PHOENIX (CN) – A federal judge denied Arizona’s request to have its constitutional challenges of the Voting Rights Act adjudicated by a three-judge court.
U.S. District Judge John Bates found that upholding Section 5 of the Voting Rights Act would not “disrupt” Arizona’s election procedures.
Section 5 “prohibits certain ‘covered’ jurisdictions from implementing any change to state election practices or procedures unless and until the jurisdiction demonstrates to federal authorities that the change ‘neither has the purpose nor will have the effect of denying or abridging the right to vote on account of race or color.'”
Arizona claimed that its constitutional challenge to Section 5 involved an “even stronger ‘clash between federal and state power’ than normal preclearance suits do, so there is all the more reason to have a three-judge court hear those challenges,” but it failed to ask the court “to preclear any specific election changes or procedures.”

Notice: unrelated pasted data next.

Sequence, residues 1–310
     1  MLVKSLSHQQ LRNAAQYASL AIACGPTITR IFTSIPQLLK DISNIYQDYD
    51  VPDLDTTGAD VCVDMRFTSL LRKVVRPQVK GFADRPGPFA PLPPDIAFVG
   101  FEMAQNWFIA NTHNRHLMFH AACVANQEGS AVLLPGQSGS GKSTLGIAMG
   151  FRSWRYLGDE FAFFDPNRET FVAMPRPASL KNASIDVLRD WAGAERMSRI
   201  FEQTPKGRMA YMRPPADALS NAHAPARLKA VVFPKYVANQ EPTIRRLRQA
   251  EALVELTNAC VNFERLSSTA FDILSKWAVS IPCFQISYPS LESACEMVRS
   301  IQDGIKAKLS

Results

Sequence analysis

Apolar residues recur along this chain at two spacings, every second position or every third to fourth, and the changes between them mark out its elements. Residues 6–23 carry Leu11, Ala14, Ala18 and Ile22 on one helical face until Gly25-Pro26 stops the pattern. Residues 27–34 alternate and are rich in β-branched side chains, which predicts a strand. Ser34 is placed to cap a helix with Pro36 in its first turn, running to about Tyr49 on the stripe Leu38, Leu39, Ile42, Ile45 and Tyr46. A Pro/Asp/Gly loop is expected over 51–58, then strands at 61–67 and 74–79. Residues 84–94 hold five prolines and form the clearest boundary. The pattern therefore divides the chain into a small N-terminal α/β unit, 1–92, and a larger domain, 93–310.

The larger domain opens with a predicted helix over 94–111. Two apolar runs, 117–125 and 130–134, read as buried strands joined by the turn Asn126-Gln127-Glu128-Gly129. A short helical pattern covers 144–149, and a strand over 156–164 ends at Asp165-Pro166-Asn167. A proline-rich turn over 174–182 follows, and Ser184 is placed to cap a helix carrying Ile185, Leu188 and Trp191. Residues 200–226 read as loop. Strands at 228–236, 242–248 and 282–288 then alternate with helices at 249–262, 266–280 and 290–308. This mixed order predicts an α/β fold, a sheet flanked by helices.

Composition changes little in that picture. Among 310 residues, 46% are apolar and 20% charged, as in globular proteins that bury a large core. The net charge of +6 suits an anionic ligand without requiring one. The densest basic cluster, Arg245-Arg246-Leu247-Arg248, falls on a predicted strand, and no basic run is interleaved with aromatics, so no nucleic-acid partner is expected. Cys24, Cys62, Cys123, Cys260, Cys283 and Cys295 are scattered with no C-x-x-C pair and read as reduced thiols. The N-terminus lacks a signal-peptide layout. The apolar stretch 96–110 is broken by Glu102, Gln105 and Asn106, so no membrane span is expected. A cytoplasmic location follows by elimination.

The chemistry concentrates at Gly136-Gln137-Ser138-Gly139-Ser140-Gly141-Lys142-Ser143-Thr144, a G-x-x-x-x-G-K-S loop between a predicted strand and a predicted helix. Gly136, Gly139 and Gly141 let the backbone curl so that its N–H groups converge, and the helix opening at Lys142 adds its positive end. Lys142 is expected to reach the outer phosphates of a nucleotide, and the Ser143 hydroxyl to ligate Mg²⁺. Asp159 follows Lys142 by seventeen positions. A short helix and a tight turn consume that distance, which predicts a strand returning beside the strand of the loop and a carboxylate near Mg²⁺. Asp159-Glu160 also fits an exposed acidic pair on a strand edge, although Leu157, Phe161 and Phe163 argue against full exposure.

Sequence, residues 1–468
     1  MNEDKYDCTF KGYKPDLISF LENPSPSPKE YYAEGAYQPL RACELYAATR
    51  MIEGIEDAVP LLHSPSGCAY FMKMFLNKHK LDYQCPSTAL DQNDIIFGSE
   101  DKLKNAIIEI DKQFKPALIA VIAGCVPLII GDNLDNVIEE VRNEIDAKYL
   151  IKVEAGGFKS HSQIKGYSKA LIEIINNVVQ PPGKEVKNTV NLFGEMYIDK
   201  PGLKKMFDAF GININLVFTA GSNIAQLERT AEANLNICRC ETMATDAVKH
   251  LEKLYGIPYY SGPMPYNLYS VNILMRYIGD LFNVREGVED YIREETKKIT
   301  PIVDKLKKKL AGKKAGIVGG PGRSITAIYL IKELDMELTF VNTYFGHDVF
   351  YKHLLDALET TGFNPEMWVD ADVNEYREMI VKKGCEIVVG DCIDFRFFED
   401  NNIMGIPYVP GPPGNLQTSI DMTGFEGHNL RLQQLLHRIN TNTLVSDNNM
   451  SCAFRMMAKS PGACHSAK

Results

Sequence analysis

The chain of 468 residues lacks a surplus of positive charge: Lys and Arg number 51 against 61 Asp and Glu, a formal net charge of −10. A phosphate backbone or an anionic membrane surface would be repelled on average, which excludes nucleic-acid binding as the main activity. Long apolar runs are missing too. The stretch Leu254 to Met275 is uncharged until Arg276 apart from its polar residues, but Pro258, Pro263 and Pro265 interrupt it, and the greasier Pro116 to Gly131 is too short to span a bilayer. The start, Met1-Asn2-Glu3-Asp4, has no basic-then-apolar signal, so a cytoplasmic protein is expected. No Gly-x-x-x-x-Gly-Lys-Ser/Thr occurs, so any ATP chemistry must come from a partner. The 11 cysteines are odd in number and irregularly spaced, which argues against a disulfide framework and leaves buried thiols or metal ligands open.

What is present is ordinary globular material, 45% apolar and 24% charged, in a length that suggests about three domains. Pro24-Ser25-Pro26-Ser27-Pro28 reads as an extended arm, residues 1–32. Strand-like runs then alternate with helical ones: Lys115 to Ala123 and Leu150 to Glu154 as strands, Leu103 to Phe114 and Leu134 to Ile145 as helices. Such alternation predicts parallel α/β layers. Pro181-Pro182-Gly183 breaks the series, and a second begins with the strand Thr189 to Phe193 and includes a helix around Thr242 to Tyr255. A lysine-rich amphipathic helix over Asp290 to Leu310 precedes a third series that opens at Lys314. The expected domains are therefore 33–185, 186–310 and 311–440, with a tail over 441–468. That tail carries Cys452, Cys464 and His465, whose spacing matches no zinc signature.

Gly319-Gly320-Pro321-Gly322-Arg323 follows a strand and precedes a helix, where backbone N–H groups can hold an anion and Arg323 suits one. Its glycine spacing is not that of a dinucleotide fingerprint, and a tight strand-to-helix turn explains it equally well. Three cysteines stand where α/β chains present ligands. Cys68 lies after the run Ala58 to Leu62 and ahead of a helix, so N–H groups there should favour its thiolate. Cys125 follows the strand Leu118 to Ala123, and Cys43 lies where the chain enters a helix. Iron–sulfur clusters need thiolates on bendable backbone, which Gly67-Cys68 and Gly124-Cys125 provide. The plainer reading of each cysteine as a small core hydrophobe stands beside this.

Arizona also claimed that its bailout request must be heard by a three-judge court. But even if the state’s constitutional challenge succeeds, Bates found, the court “would not simply proceed to apply the bailout statute as currently written,” nor would it “surgically excise the bailout requirements that Arizona has not met and apply the remaining criteria.” (
The bailout would have allowed Arizona to opt out of Section 4 of the Voting Rights Act, which determines what jurisdictions are “covered” by Section 5.
Arizona sued in D.C. Federal Court in September 2011, claiming that it is being punished “for conditions that predated the enactment” of the 1975 Voting Rights Act, and which were “remedied in 1974 when Arizona provided equal access to the electoral process for limited-English Hispanic voters.”